Six incompletions inside the 10-yard line (throughout the game) and six straight failed passing plays (in 4th quarter) after two Jaire Alexander interceptions pretty much decided this game. 12 plays with the ball in the hands of the MVP (Aaron Rodgers). Simple, but almost certainly true.

The pass interference on Kevin King in the final two minutes was a good call (even though ball wasn’t catchable in my opinion, which I guess should have rescinded the penalty), which an offensive hold wasn’t called.

But the issue is this: you can’t play “let them play” for 58 minutes and then throw flags the final two minutes. Pick one!

Like I said yesterday….there will absolutely be a “missed opportunities” autopsy of this game. The Packers missed yet another opportunity yesterday, and it was a great one.

Change is inevitable in professional sports. The Green Bay Packers are currently $28,759,726 over the salary cap for 2021. So there will players leaving and new players arriving, that’s just the nature of the business.

First and foremost, I wouldn’t be shocked if the Packers had two new coordinators next season.

The Packers will probably let Kevin King walk, especially considering the performance yesterday and his injury history. I’d also be shocked if Preston Smith was a Green Bay Packer in 2021.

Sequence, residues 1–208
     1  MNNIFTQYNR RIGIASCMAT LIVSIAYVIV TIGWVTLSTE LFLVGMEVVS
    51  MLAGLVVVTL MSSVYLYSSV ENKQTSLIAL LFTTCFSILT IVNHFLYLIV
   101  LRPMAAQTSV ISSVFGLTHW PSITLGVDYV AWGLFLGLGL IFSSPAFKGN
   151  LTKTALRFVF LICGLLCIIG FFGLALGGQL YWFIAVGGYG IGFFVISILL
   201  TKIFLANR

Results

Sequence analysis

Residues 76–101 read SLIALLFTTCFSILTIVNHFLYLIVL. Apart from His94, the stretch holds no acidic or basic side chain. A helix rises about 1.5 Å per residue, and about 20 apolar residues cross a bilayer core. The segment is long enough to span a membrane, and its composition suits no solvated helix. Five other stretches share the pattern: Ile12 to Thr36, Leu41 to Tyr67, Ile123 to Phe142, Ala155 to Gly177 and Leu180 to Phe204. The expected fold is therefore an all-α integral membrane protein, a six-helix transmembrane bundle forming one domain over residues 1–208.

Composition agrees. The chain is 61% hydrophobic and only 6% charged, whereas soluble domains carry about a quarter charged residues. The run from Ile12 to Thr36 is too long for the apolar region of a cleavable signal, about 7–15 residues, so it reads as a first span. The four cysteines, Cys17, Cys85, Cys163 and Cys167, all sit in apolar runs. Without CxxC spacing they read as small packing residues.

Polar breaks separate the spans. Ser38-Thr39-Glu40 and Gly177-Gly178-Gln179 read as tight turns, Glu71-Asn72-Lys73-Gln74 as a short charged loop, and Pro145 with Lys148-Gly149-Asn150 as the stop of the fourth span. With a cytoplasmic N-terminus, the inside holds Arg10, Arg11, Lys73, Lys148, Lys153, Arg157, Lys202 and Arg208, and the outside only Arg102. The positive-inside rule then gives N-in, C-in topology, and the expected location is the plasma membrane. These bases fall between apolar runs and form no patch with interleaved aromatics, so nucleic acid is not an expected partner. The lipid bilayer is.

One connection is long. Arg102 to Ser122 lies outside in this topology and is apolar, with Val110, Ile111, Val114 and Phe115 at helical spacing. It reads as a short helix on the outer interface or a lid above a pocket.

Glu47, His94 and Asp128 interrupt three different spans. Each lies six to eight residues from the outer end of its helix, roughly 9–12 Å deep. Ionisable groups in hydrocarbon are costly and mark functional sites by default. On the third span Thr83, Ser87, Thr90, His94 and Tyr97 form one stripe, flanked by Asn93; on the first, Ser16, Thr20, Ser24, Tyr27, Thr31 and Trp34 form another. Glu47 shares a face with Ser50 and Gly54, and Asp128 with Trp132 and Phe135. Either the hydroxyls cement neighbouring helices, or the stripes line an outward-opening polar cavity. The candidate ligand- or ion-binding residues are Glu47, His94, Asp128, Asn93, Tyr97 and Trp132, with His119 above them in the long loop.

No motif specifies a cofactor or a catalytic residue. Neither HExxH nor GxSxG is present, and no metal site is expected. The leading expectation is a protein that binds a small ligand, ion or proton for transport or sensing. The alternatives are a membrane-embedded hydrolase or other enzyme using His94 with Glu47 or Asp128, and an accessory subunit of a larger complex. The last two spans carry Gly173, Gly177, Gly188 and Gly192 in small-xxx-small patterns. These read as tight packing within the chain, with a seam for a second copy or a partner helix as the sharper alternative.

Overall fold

A key free agent will be All-Pro Center, Corey Linsley. I’m hoping the Packers re-sign him, but I don’t know if they’ll be able to afford him.

Aaron Jones is another free agent this offseason. I suspect his last game at Lambeau Field as a Green Bay Packer featured putting the ball on the carpet twice.

Here’s how the Packers have responded following a NFC Championship Game loss (something that has become the norm lately):

1996: 13-3 (Won Super Bowl)

2008: 6-10 (Missed Playoffs)

2015: 10-6 (Lost in Divisional Round)

2017: 7-9 (Missed Playoffs)

2020: 13-3 (Lost in NFC Championship Game)

2021: To Be Determined

The Packers absolutely have the team that can make another run at it (assuming Rodgers is still the quarterback), but my concern is the “hangover affect” from yesterday’s loss. LaFleur, Rodgers and the team were all devastated from the loss. Hopefully, they’re able to move on to the next and not let this have a hangover affect into 2021.

Hall of Fame quarterback Brett Favre was on SiriusXM radio earlier today and talked about Aaron Rodgers’ postgame presser:

“I wouldn’t pay much attention to it. I think frustration, disappointment, hurt, pain, all were in that soundbite. Look, there’s no way the Packers would do anything to jeopardize losing Aaron. Unless Aaron just chooses to retire, which I would be shocked. The guy’s playing better now than he’s ever played, and without him, you certainly wouldn’t have been even close to where you were yesterday. And I think the same will go for next year, and really the next few years, if he chooses to play. I wouldn’t pay much attention to what he said. I’ve been there. It’s so — I mean, it hurts. It’s painful. The last thing you want to do is think about next year, ’cause you just had a major disappointment, and that’s what you’re hearing in that soundbite.”

Favre went on to say:

“I mean, why wouldn’t you think they’d be in the same position next year? There’s no reason to think that, unless they don’t play up to their capabilities, and there’s no reason to think Aaron would not play the same way he played this year, ’cause he tends to do it year in, year out. And I think for the Packers, more so with them, you would be foolish to make any move other than bringing him back and going as long as he wants to go.”